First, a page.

• Contract negotiations – Writing in privacy and security clauses into a vendor contract introduces a layer of legal protection not only for your patrons but to your organization as a whole, with regards to possible liability that comes with a data breach. Additions can clarify expectations about levels of security surrounding patron data in vendor systems as well as data breach management expectations and roles between the vendor and the library.

Ultimately, it’s up to the vendor if they want to follow security best practices and have a data breach incident management procedure (though, if a vendor chooses not to implement security protocols, that could adversely affect their business). Nonetheless, it never hurts to regularly bring up security and privacy in contract negotiations and renewals, procurement processes, and in regularly scheduled vendor rep meetings. Make it clear that your library considers security and privacy as priorities in serving patrons, and (hopefully) that will lead to a partnership that is beneficial to all involved and leaves patrons at a lower risk of having their data breached.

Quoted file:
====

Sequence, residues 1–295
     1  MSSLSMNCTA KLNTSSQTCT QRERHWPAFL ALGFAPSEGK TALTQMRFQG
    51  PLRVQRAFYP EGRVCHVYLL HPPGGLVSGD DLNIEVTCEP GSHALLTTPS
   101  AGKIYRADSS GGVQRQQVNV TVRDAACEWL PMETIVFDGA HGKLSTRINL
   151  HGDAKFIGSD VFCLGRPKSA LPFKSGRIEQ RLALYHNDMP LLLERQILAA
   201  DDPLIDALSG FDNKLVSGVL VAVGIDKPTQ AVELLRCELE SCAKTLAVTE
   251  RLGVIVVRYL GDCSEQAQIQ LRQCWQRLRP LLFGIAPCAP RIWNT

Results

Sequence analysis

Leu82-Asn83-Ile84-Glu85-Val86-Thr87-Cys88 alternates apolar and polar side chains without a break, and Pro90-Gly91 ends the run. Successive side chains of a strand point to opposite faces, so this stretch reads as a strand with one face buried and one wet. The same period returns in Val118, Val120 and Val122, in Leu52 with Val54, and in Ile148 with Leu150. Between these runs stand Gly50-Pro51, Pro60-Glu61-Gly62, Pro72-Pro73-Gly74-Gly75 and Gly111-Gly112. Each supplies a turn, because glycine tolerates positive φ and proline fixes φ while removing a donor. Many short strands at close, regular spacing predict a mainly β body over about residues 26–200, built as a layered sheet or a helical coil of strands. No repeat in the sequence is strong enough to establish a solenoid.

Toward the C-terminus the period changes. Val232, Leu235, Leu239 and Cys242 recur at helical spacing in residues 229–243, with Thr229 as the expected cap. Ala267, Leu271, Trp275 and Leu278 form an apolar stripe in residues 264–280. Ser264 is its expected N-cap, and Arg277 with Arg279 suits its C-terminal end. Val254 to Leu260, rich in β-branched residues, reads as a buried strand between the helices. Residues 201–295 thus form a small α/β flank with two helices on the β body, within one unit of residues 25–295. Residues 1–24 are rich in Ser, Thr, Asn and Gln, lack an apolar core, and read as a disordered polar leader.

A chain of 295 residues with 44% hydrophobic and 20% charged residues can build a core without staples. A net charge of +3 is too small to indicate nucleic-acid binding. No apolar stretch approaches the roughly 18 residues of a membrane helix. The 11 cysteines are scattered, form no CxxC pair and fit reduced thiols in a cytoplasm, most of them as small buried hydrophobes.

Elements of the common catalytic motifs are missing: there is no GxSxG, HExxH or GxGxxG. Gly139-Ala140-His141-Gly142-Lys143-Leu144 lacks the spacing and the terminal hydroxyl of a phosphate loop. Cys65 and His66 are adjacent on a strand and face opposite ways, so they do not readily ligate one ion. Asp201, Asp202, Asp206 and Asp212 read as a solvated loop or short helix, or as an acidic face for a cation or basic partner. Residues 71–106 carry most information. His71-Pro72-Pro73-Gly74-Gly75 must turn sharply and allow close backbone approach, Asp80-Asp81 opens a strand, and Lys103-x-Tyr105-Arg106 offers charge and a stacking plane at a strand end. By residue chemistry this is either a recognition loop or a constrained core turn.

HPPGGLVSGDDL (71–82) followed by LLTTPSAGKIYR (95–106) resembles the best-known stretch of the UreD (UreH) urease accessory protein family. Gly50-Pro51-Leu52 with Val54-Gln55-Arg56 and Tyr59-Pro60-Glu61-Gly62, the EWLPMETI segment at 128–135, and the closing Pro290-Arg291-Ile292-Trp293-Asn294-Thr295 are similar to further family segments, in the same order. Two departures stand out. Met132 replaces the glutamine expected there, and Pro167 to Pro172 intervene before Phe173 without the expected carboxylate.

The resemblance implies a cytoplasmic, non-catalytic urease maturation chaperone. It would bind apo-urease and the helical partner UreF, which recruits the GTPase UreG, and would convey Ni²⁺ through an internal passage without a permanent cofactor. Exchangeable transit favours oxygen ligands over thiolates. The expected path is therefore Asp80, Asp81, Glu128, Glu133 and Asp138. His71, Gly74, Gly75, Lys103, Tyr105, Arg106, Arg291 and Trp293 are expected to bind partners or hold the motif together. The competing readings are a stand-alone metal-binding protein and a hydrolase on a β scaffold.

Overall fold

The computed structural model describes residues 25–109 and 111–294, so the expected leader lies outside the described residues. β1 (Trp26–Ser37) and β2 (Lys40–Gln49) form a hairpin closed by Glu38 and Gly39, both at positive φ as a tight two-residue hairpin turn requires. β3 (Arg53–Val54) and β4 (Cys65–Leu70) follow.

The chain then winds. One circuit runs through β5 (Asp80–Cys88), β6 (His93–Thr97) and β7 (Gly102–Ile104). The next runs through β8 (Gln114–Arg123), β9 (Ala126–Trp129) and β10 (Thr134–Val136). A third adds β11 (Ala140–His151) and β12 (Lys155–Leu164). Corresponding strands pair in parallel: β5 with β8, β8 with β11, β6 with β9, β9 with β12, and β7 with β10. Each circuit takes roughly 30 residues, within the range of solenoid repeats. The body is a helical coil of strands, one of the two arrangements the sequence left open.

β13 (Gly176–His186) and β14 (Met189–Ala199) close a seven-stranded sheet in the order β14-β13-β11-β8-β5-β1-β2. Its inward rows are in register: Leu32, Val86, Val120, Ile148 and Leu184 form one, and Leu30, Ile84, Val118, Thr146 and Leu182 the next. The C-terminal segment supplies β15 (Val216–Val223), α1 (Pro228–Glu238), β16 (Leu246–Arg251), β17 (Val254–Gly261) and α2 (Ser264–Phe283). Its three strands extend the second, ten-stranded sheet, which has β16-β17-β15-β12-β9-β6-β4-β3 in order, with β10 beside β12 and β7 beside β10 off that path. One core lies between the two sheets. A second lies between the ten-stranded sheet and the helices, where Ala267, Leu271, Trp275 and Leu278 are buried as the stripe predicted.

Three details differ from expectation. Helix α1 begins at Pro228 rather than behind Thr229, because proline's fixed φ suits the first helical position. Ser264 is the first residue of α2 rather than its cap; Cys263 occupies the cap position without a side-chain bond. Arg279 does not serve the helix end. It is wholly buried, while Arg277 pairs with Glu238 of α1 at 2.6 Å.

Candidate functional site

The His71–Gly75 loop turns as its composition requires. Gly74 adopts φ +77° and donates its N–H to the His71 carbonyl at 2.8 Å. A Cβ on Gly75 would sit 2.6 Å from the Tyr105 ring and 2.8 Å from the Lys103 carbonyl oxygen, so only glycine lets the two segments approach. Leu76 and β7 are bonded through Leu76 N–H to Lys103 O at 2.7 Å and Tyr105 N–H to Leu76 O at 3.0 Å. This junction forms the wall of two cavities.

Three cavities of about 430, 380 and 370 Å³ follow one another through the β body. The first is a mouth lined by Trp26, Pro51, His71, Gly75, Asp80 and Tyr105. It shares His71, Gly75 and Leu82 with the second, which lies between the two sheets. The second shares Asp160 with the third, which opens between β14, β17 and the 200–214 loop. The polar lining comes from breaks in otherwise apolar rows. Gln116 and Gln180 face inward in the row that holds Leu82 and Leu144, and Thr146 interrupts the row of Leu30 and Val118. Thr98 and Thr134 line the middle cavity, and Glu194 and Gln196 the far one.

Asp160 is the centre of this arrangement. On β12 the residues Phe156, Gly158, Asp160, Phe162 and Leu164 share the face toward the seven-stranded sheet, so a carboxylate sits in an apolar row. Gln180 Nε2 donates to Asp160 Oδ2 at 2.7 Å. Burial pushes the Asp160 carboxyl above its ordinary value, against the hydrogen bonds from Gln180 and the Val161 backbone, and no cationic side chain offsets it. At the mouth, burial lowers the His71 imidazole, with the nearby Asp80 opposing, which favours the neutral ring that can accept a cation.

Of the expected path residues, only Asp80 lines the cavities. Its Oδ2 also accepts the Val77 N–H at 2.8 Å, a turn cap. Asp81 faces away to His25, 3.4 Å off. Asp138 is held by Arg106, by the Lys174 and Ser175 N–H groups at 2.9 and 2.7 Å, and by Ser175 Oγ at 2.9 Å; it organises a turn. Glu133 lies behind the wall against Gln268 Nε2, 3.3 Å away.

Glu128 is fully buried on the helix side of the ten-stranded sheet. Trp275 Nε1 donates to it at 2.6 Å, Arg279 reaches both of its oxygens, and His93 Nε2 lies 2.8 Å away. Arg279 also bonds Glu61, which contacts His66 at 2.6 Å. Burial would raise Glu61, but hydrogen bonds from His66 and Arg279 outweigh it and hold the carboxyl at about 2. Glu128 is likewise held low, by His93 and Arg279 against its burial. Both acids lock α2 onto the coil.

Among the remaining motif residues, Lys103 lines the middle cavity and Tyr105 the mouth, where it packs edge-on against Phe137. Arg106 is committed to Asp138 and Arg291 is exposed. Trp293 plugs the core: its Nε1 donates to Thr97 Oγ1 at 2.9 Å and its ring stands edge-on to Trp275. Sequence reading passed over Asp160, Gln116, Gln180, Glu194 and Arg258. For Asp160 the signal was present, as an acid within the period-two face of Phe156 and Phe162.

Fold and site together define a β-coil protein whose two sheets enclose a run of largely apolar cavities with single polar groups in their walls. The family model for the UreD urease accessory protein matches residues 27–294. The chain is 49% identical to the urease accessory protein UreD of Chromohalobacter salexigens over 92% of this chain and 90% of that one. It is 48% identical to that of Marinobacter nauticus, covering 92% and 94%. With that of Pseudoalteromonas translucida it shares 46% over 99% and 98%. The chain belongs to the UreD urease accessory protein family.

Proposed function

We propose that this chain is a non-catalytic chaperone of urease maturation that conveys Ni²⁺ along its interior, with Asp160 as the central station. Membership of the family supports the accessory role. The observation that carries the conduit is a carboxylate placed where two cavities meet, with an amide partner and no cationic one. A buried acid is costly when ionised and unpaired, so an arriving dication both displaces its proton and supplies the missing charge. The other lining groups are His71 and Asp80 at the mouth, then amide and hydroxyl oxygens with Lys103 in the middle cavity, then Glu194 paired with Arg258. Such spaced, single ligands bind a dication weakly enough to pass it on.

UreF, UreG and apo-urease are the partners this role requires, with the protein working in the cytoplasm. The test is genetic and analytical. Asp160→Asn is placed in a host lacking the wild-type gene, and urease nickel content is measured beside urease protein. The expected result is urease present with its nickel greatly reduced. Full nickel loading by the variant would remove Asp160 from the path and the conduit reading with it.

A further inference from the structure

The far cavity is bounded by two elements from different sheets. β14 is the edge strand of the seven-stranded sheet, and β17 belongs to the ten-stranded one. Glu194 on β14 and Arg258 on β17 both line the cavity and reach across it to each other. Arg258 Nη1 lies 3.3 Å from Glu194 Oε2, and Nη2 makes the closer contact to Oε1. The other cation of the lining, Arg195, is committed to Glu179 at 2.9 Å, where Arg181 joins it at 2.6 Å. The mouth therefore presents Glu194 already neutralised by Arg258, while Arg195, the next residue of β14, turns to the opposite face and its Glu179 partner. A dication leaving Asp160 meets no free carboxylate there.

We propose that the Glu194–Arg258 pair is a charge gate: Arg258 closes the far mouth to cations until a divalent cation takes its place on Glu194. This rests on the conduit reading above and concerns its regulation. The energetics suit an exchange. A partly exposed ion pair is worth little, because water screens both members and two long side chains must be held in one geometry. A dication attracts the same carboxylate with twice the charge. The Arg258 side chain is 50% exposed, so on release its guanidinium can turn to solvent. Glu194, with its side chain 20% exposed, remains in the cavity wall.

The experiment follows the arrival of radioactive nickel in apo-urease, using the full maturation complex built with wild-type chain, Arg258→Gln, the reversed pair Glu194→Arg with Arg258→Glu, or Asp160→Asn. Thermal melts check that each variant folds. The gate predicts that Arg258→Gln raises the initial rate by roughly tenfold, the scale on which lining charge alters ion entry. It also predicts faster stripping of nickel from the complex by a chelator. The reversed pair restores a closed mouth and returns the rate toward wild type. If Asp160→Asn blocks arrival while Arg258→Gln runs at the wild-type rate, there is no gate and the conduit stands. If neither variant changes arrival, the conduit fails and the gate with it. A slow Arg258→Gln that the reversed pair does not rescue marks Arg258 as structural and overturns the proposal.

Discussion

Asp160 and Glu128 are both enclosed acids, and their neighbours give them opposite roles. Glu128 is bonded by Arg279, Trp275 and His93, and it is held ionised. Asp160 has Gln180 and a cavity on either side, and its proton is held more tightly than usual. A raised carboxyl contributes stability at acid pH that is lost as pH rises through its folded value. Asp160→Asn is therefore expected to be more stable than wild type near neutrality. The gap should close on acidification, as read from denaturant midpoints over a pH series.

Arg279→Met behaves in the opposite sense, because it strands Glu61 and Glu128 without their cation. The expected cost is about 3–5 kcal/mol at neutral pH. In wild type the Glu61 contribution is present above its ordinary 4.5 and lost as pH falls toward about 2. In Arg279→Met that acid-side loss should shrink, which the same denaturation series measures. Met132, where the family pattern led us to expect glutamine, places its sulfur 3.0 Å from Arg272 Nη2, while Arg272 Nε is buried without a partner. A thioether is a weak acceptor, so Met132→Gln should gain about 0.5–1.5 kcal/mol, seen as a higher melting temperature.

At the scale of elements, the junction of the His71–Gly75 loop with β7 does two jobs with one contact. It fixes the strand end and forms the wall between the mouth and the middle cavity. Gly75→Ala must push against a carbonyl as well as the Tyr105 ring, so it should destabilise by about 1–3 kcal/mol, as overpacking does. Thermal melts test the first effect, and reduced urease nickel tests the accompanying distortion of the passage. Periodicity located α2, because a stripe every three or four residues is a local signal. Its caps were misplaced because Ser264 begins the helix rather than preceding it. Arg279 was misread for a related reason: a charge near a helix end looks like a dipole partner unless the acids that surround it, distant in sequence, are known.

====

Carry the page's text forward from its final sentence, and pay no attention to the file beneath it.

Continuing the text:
Phew! There’s a lot more on this topic that can be said, but we must leave it here for now. Below are a couple of resources that will help you in creating a data breach incident response plan: